For all those who ever loved ‘The Doors’, you would have heard the story about a bunch of fans who were in denial about Jim Morrison’s death. Their theory was that he mysteriously sailed away with a guitar to Easter Island, in hope that no one would find him. I was a hopeful member of this club and that was my first tryst with Easter Island.
An island that attracts theories not just to do with dead rock stars but its very own existence, it stands 3500 kms away from the coast of Chile. As the south-eastern tip of the Polynesian triangle, Easter Island or Isla de Pascua, as it is called in Spanish, was given its name by Dutch explorer Jacob Roggeveen, who discovered it on Easter Sunday in 1722. It also goes by the Polynesian name Rapa Nui, which represents the mysterious civilization that existed here, the miniscule population that currently inhabit this island and the exotic language they speak. Famous for its giant monolithic stone figures called the Moai, the island can be described as a natural open-air museum of a distant and unknown culture that people are still trying to understand.
Isolated, it has always called out silently to the travelers with the spirit of Indiana Jones and a loaded wallet. I had the spirit but lacked the money. Drinking lovely Chilean red wine with my Indian friend and her Colombian fiancé in the comfort of their apartment in Santiago, I debated my long standing dream to visit Easter Island and the unaffordable monetary implication that it came with. ‘So near yet so far’ was the best way to describe the situation I found myself in. When would I ever come back to Santiago, let alone find myself in Tahiti, the only two locations in the world that operated flights to Easter Island. It was time to indulge. A few glasses of wine, a little encouragement from my friends and my credit card number were the three ingredients that went into cooking up this impromptu getaway.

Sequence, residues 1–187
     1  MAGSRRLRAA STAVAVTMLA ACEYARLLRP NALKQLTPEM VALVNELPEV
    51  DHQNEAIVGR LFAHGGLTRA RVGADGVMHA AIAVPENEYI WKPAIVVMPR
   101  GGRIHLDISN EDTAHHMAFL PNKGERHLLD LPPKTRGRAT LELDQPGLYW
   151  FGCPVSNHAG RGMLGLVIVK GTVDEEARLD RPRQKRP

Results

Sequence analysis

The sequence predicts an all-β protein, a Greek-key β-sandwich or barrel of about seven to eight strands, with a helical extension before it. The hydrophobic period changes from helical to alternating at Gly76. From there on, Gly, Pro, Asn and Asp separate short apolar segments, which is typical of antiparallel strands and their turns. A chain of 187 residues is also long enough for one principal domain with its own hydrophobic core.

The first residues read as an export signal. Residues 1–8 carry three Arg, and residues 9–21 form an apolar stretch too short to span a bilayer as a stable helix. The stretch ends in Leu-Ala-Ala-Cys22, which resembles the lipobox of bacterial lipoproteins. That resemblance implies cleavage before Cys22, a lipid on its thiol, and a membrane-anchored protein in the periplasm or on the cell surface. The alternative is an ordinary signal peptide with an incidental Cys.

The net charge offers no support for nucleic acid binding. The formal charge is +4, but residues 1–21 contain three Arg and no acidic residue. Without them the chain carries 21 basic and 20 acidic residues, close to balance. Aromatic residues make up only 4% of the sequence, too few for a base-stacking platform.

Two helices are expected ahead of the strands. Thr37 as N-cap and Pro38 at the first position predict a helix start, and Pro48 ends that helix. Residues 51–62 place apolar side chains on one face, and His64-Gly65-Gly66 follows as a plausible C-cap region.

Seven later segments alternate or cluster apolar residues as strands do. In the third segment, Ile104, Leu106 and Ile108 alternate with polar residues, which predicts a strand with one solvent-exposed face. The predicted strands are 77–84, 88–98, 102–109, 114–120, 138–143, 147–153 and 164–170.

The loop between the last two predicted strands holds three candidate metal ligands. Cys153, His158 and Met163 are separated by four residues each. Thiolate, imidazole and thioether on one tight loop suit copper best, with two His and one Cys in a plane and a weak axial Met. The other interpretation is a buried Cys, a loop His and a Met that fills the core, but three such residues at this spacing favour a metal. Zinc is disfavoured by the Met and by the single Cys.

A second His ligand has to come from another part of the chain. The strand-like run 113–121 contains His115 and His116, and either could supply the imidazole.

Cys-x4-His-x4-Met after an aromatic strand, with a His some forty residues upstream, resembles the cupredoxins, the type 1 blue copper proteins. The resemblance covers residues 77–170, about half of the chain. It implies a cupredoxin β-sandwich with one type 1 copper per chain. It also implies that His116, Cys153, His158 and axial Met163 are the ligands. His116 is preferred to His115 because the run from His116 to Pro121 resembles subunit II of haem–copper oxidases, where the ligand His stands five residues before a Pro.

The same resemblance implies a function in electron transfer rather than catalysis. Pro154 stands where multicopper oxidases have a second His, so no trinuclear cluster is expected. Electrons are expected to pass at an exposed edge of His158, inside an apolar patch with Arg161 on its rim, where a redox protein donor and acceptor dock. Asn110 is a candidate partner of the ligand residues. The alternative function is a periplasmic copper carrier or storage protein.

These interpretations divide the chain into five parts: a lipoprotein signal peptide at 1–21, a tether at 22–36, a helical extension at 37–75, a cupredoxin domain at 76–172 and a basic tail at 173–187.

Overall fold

A five hour flight and a rather incredulous landing in a narrow runaway with a view of the aquamarine waters, I walked out of the small baggage claim area of the Mataveri airport, only to be greeted by a Polynesian man with a lovely pink and white garland. Having stayed only in youth hostels or cheap backpacker accommodations, I was not used to being received at the airport anywhere. I was pleasantly surprised considering that I had booked the cheapest accommodation in Easter Island – a tent at Mihinoa Camping. The garland around my neck and being escorted to a jeep, I realized that Rapa Nui took their hospitality very seriously. I already liked the Rapa Nui.
Settling into my tent, which had a beautiful view of the ocean, I poured over the map of this small island and planned my week ahead. My knowledge on the island was restricted to internet research and small chapters in the guidebook and I felt thoroughly under prepared on the cultural history. To overcome this knowledge handicap, I headed to the museum, the library and indulged on a wonderful book ‘The Mystery of Easter Island’, by Katherine Routledge, a British woman explorer.